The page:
AN ARCHITECTURE OF INELOQUENCE: José Lluis Sert's Carmel de la Paix by J.K. Birksted
Set on a hillside near Cluny, in a region associated with religious institutions and sacred architecture (including Le Corbusier's La Tourette), Le Carmel de la Paix, designed by Jose Luis Sert, remains tranquilly unvisited and quietly erased from architectural history. Why? This unusual convent falls outside the standard categories of Sert's architecture and has been overlooked in most publications about his work. As J.K. Birksted explains, the design and construction process for this building proved nightmarish, resulting in a building which, at first sight, appears to be 'ineloquent'. This first detailed examination of this building shows how the convent and the story of its creation offer valuable and important new insights into Sert, his architecture and his life. However, the study also opens up discussions on wider subjects such as the relationships between modernist architecture and ecclesiastical architecture. The design and construction of the Carmel de la Paix (1968-1972) followed the Second Ecumenical Council of the Vatican (1962-1965), which introduced fundamental changes and proposals for renewing the relationship between the Church and the changing modern world and the convent provides an interesting illustration of this period. In addition, it offers insights into the fascinating world of the Carmelite order and its specific liturgical requirements, and, reflecting on the nuns' active involvement in the design and construction process, it also explores wider issues of women in architecture.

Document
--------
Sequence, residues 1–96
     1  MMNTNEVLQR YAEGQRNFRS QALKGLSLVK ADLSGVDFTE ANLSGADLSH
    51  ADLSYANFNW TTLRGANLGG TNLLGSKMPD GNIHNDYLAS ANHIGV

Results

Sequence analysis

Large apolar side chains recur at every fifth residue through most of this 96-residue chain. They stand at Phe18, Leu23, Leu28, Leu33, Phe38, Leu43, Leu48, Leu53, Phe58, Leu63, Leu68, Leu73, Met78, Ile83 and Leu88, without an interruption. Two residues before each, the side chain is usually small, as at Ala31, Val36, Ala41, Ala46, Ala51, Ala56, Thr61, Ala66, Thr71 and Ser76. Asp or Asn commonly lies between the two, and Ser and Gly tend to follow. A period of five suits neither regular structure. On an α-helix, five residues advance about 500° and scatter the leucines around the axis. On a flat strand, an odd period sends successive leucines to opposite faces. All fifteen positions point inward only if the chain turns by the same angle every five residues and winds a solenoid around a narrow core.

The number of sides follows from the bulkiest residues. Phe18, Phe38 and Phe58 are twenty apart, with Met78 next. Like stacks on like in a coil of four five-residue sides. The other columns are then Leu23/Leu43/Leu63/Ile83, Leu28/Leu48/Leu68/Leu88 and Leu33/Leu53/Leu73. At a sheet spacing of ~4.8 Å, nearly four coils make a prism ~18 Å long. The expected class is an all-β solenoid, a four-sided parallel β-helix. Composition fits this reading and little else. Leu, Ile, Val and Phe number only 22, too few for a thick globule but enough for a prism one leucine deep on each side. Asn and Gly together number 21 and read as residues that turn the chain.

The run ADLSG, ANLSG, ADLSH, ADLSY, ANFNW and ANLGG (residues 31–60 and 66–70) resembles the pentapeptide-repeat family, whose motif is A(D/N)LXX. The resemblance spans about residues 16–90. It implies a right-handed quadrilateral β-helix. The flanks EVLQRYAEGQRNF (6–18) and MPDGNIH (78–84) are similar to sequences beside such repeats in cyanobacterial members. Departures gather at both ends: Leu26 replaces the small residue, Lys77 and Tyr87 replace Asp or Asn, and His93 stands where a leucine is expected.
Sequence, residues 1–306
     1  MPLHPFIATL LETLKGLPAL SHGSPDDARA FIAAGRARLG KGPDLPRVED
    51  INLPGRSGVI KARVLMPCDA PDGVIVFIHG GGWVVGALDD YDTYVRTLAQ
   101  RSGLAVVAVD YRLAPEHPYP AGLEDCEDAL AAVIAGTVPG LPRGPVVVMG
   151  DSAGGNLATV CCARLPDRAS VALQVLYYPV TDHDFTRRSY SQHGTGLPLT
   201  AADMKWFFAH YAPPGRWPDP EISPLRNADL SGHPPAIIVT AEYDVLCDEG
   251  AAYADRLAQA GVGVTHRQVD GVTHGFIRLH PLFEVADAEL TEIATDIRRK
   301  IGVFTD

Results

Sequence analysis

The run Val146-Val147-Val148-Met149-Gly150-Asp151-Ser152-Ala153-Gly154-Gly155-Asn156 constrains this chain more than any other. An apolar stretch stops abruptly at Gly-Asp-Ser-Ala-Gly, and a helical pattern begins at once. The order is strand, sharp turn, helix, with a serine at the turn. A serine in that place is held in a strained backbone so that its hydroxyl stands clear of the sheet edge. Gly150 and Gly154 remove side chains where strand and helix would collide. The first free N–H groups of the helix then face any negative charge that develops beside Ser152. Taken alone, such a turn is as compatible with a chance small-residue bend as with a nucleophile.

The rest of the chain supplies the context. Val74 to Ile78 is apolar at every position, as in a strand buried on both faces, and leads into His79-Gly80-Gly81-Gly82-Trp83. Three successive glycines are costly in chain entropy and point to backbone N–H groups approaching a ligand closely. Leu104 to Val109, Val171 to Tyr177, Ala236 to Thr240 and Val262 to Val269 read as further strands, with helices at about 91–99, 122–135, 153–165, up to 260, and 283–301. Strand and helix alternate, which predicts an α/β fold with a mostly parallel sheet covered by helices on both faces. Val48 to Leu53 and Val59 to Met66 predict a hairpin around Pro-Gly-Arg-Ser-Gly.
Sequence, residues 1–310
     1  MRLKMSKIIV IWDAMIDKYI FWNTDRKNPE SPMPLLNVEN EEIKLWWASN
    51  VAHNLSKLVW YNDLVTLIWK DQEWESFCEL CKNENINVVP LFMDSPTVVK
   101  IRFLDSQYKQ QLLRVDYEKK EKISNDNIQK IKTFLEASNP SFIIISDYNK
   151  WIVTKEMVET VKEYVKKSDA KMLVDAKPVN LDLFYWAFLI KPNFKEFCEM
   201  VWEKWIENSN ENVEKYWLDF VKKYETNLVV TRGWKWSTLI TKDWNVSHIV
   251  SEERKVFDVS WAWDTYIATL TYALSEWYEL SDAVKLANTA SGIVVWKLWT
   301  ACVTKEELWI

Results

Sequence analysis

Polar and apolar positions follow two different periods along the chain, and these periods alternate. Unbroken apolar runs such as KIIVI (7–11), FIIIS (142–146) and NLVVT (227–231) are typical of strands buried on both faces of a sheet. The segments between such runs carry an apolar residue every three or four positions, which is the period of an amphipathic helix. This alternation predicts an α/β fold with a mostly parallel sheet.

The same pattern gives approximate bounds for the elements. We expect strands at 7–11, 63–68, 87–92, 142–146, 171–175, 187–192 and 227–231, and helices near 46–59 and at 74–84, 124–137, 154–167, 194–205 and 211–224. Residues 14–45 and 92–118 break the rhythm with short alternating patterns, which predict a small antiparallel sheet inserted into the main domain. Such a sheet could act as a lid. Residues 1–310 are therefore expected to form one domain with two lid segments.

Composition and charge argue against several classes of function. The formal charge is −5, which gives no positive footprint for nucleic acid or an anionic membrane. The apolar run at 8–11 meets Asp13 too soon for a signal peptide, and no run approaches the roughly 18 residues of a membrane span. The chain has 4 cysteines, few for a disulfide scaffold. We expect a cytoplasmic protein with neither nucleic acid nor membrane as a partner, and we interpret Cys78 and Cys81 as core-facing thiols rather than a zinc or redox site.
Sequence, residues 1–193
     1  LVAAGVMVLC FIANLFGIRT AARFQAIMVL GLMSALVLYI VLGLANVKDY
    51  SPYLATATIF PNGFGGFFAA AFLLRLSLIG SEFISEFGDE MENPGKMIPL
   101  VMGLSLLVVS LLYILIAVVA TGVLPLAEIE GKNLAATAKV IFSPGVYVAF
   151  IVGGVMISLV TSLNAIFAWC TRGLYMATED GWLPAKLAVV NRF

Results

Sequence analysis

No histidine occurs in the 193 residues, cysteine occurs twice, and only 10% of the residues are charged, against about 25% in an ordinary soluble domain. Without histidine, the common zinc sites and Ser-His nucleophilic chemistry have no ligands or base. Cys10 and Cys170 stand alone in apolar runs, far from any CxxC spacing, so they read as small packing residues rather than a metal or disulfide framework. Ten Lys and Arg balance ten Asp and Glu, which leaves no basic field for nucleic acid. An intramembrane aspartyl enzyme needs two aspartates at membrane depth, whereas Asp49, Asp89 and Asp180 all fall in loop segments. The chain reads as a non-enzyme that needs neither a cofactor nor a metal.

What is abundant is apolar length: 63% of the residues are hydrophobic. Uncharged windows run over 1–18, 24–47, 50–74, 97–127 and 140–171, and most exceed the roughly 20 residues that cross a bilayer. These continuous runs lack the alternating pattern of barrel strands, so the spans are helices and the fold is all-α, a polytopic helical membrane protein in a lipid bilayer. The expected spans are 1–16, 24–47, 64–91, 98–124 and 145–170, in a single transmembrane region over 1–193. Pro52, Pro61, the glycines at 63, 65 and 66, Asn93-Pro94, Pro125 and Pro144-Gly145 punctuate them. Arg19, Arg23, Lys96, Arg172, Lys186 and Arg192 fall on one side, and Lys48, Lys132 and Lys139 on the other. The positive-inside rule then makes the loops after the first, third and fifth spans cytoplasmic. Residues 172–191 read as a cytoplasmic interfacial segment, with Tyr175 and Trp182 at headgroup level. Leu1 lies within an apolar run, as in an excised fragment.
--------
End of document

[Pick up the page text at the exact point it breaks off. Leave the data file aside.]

Eamonn Canniffe leads the Architecture Research Centre and the MA in Architecture + Urbanism at the Manchester School of Architecture. He was educated in Architecture at Cambridge and Harvard Universities. In 1996 he held a Rome Scholarship in the Fine Arts at the British School at Rome. Between 1986 and 1998 he taught at the University of Manchester School of Architecture, and between 1998 and 2006 at the University of Sheffield School of Architecture. He is the author of Urban Ethic: Design in the Contemporary City (Routledge 2006) (Chinese edition 城市伦理--当代城市设计 2013) and The Politics of the Piazza: the history and meaning of the Italian square (Ashgate 2008). He is co-author (with Tom Jefferies) of Manchester Architecture Guide (1999) and (with Peter Blundell Jones) of Modern Architecture through Case Studies 1945-1990 (Architectural Press 2007), (Chinese edition 现代建筑的演变 1945--1990年 2009) (Spanish edition Modelos de la Arquitectura Moderna -Volumen II 1945-1990 2013). For a number of years he has served as Architecture Series Editor for Ashgate Publishing.